Fascinating read - H.G. Wells interviews Stalin.
How to make Easter eggs… Hmm.
Shit I got a stiffy now. Can’t wait.
Hmmm. Whenever I see “consent” I think about rape. Which best describes invasion of privacy for me. I’m too lazy and google is honestly too despicable for being worthy of the time, but it would be an interesting exercise to replace all the verbs following “consent” in their new ToS by “rape”. Hell I may just do it later.
I hope it works. That’s really amazing stuff, I’ve said it here already many times.
We live in a panopticon, and it’s time to get real. Yes, we should look to our security updates for protection against “ordinary” criminals. But if you’re worried about the government, patching NSA-exploited zero-days is a bit like trying to treat a bubonic plague outbreak by hanging a sprig of lavender over your front door: at best it’s a displacement activity, while the cure lies elsewhere.
Charlie Rose is just so good even the most innocuous posts are a joy to read.
I’m shocked. Samsung? Lying? I think these two slides were worth the trial1.
So, this explains a lot. It explains why those “market research analysts” kept pushing Samsung up and putting Apple down. It explains why we don’t see any of those devices in the wild. It explains why we don’t see any meaningful percentage in the traffic of our websites. It explains why the white-box (others) does not appear anywhere but in the charts of “analysts”. Incidentally it also explains why the others are still in the game and believe in their chances.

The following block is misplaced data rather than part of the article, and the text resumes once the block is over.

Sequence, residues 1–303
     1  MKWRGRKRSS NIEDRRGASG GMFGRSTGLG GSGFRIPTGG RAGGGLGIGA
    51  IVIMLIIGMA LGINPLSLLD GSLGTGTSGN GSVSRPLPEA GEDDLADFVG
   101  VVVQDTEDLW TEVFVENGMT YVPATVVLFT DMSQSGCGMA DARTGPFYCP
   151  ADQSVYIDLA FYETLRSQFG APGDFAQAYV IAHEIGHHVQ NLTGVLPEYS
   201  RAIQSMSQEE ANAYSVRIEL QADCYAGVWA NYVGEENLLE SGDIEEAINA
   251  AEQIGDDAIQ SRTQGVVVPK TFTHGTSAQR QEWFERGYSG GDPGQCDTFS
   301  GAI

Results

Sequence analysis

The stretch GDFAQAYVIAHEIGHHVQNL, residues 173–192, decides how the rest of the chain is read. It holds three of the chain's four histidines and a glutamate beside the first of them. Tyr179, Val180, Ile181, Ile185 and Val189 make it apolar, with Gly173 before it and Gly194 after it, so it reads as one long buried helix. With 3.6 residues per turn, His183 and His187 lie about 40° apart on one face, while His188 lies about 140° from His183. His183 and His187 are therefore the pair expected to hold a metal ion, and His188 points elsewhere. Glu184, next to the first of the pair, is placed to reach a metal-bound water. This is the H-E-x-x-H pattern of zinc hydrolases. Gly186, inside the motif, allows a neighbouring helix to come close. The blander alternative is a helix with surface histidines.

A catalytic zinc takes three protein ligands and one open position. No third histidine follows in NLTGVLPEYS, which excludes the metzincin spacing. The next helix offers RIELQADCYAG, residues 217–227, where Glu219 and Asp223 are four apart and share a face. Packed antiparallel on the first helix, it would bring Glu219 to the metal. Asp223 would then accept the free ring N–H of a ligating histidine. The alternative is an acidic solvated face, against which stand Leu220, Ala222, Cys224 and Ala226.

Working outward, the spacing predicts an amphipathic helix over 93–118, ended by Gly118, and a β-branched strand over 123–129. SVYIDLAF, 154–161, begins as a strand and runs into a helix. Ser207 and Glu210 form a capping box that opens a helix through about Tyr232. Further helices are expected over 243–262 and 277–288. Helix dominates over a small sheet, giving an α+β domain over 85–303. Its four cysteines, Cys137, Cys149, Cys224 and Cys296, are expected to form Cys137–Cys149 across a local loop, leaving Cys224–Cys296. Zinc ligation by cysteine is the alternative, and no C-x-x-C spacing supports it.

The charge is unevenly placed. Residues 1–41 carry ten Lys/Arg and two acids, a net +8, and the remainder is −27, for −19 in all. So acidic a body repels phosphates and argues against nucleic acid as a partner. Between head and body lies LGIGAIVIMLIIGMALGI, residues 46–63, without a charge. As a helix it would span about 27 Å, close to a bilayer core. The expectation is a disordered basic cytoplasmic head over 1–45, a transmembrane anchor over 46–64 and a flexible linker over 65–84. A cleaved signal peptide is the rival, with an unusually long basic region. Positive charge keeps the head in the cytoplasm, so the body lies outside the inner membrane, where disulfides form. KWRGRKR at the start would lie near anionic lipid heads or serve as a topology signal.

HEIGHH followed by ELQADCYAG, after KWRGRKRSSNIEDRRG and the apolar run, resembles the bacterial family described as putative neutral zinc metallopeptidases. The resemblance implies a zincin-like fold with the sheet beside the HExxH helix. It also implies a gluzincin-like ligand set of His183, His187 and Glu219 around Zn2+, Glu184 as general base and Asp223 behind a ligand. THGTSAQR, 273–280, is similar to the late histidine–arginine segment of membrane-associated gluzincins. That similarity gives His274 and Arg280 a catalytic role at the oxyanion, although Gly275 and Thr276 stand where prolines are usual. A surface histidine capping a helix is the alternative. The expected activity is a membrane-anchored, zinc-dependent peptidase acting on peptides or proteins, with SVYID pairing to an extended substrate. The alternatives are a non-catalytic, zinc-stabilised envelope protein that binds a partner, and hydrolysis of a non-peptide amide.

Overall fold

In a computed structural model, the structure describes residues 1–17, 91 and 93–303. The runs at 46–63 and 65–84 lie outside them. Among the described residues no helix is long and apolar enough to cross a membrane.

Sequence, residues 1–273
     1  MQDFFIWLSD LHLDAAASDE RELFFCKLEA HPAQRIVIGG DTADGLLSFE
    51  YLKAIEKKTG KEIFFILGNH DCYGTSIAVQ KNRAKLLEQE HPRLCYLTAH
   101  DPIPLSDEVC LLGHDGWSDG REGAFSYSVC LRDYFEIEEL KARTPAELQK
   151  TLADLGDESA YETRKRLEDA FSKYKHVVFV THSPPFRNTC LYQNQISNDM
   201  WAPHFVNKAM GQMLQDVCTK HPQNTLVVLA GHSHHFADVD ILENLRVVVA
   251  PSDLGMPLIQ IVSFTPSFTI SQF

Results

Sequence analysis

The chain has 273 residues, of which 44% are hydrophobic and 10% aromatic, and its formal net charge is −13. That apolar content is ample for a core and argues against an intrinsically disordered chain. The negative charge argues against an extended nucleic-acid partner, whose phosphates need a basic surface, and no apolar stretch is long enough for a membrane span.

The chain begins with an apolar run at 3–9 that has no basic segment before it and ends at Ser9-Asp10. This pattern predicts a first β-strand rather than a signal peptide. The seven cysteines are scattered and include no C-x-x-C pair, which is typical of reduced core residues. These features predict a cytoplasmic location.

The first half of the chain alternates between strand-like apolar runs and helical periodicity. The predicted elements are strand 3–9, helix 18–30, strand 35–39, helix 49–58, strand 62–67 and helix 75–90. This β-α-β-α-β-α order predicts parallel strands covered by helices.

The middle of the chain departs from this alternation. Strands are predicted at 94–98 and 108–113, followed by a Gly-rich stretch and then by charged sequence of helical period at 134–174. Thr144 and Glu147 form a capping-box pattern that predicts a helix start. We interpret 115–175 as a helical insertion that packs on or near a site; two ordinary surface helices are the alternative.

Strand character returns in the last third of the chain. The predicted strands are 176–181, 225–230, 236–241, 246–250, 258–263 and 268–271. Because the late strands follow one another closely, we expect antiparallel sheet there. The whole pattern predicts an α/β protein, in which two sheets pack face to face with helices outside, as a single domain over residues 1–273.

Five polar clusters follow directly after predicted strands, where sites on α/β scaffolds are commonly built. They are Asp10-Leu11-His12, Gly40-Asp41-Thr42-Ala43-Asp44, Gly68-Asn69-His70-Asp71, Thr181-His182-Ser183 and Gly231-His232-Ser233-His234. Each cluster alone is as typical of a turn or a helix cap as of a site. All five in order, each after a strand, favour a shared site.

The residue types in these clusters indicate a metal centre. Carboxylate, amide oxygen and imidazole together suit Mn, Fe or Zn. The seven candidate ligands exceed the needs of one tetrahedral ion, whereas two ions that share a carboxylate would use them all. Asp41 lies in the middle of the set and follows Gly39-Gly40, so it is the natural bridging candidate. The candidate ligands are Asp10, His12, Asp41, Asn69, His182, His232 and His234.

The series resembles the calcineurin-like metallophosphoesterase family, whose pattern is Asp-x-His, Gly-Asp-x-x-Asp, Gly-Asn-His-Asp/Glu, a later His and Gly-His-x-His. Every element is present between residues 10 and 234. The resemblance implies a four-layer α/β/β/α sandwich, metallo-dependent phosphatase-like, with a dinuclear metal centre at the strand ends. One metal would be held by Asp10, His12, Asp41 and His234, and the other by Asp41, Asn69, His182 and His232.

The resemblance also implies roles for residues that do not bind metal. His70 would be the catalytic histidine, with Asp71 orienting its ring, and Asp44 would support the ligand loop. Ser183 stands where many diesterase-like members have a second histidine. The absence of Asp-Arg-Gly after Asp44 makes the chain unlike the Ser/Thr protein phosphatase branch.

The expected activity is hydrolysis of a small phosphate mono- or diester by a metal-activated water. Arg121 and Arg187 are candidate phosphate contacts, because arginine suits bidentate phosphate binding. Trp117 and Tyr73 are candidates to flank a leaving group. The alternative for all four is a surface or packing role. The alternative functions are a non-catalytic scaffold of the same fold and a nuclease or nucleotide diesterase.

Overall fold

Those Android tablets simply do not exist. They’re an inventory number, they weren’t sold. And for the believers of the church of market-share: there is no market-share.
I must confess I laughed. Now, popcorn is ready, let’s look at the reaction of the market. And Samsung investors, who were clearly misled.
in Asia in particular, that humiliation is priceless… for Samsung competitors. ↩
Bad news. A major vulnerability, known as “Heartbleed,” has been disclosed for the technology that powers encryption across the majority of the internet. That includes Tumblr.
We have no evidence of any breach and, like most networks, our team took immediate action to fix the issue.
Phew. And here we go again.